“Even for the nature of society now, it looks like everything is fast, even the relationships are fast. Players can get tired of each other, they can get tired of the manager. Everything looks like it’s faster, so we need to change.”

The story of Mourinho’s career is that he enjoyed great success in his first decade, working with a generation of players who have now all retired: Deco, Ricardo Carvalho, John Terry, Frank Lampard, Didier Drogba, Wesley Sneijder, Diego Milito and the rest. But the next generation of players — the millennials and Gen Z players — simply do not react well to his methods.

Players complained of a lack of attacking plan (Photo: Neil Hall – by Pool/Getty Images)

That was true at Real Madrid, where he won the league but fell badly out with the dressing room. That was true back at Chelsea, where again he won the title before his reign collapsed in the third season amid what Michael Emenalo called “palpable discord”.

And it was certainly true at Manchester United, where Mourinho was not able to get through to Paul Pogba, Marcus Rashford, Luke Shaw, Anthony Martial and the rest. His time at Manchester United was not a complete failure — he won a League Cup and a Europa League — but he was not able to compete with Manchester City, and he left another toxic mess behind him at Old Trafford, with the fans at odds with the players. Pogba’s comments to Sky Sports last week show how much more the United players enjoy playing for Solskjaer than for Mourinho.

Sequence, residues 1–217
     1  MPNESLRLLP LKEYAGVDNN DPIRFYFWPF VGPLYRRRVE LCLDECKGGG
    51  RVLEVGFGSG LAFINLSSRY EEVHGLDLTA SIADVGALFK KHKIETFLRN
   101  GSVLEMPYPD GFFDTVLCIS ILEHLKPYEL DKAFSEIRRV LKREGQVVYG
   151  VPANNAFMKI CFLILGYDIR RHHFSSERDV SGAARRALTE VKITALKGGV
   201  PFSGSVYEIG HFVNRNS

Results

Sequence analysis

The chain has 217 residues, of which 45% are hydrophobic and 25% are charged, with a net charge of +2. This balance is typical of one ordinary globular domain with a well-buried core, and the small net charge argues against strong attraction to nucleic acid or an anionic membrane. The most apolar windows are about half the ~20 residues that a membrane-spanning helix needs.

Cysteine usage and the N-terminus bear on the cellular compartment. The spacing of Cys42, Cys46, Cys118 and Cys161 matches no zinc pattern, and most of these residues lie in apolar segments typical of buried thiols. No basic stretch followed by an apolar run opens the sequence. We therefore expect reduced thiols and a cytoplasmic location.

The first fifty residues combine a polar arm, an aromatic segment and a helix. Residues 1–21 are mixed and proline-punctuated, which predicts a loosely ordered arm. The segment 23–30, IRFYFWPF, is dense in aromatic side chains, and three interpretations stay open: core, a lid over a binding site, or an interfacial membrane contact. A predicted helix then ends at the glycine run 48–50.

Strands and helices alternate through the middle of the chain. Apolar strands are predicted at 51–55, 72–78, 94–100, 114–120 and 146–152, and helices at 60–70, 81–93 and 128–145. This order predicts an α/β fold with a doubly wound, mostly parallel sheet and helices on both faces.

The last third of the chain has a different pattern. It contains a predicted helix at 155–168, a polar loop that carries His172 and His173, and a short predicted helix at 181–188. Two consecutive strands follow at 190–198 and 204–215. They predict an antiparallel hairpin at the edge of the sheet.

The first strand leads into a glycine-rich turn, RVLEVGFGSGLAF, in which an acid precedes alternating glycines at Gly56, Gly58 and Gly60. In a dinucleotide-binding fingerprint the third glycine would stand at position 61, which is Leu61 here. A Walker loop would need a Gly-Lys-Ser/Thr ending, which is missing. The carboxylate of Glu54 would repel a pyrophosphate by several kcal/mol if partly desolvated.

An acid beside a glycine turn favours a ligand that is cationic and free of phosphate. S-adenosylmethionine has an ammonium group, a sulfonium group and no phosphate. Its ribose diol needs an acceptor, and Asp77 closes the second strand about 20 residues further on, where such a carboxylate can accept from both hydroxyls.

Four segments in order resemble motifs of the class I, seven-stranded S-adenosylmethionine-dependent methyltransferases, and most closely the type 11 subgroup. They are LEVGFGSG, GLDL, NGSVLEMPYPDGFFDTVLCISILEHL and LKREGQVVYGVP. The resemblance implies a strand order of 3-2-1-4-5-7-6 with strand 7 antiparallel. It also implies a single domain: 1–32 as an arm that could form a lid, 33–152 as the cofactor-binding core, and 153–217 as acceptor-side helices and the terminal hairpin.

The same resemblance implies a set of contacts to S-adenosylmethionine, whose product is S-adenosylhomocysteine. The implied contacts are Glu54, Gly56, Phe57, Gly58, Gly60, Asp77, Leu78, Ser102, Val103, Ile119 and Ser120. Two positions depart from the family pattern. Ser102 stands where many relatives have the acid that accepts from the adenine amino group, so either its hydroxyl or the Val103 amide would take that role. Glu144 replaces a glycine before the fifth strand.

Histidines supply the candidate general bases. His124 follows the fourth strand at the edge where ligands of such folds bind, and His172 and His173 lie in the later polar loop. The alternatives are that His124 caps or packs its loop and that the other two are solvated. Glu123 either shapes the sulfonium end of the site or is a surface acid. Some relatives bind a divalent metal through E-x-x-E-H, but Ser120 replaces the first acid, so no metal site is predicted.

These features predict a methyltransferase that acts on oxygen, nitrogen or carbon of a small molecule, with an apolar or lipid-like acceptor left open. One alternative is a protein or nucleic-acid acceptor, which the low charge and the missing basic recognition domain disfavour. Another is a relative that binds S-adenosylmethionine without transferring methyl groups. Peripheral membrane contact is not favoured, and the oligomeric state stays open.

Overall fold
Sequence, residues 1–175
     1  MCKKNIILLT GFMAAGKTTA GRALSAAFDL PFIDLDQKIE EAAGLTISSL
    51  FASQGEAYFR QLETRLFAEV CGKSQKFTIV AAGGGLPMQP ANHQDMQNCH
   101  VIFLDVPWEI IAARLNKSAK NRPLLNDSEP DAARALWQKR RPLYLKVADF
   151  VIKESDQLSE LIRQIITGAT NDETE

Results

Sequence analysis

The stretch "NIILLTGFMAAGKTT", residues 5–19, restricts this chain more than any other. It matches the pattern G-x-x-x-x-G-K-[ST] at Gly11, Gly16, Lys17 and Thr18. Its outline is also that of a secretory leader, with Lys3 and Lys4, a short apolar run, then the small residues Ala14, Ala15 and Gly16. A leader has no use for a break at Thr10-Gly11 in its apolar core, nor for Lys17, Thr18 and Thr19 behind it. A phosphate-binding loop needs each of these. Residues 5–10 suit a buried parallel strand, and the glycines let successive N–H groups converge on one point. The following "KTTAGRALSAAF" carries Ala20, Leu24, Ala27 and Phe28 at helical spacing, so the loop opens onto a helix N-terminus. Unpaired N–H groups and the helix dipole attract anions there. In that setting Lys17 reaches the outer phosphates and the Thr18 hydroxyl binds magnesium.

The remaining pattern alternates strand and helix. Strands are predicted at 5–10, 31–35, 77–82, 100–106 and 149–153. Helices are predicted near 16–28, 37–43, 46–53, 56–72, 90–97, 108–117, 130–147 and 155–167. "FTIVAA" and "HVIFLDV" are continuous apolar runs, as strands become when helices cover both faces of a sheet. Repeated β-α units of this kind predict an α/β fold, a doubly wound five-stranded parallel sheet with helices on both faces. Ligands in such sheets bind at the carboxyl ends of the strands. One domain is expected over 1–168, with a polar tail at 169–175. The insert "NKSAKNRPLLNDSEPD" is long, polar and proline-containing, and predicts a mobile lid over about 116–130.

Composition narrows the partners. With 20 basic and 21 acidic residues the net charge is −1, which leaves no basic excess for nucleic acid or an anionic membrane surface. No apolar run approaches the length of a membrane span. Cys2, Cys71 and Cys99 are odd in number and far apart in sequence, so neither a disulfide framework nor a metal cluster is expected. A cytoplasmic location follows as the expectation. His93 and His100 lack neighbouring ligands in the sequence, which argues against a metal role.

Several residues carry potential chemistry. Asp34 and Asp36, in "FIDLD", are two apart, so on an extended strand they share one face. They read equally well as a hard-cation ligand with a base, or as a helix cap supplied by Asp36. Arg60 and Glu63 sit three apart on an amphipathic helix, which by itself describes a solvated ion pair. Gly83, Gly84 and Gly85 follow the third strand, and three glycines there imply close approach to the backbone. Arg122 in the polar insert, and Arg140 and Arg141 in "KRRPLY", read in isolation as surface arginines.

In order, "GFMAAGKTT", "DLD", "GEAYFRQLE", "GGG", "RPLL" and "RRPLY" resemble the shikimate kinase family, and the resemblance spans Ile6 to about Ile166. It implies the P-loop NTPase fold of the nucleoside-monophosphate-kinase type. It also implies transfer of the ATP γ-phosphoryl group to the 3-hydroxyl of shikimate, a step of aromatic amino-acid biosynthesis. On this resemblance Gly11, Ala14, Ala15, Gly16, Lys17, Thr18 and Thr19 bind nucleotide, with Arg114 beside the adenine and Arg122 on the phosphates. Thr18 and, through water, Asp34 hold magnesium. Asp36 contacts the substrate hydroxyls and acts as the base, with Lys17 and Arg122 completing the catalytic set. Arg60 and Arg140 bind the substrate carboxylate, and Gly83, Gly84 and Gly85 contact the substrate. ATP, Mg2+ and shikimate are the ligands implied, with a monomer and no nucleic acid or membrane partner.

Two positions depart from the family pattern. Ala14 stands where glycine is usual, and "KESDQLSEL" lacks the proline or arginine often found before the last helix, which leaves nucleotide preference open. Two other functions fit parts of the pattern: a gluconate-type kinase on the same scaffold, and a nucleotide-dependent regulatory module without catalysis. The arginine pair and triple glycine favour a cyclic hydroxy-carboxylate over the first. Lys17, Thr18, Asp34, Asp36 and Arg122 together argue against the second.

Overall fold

“I like Jose, but he is disconnected from the new generation of players, and from the new generation of coaches,” says one leading coach. “But he is stuck in his ways.”

At Tottenham, Mourinho ultimately found himself trapped in the same dynamic. His methods only produced a brief upturn in form — not long enough to win anything — before they started to alienate the rest of the dressing room. The players did not like being talked to as Mourinho talked to them, they did not enjoy his football or his training sessions. The pattern of Mourinho’s reign at United and Tottenham was precisely the same. The players got tired of the manager, just as Mourinho predicted himself.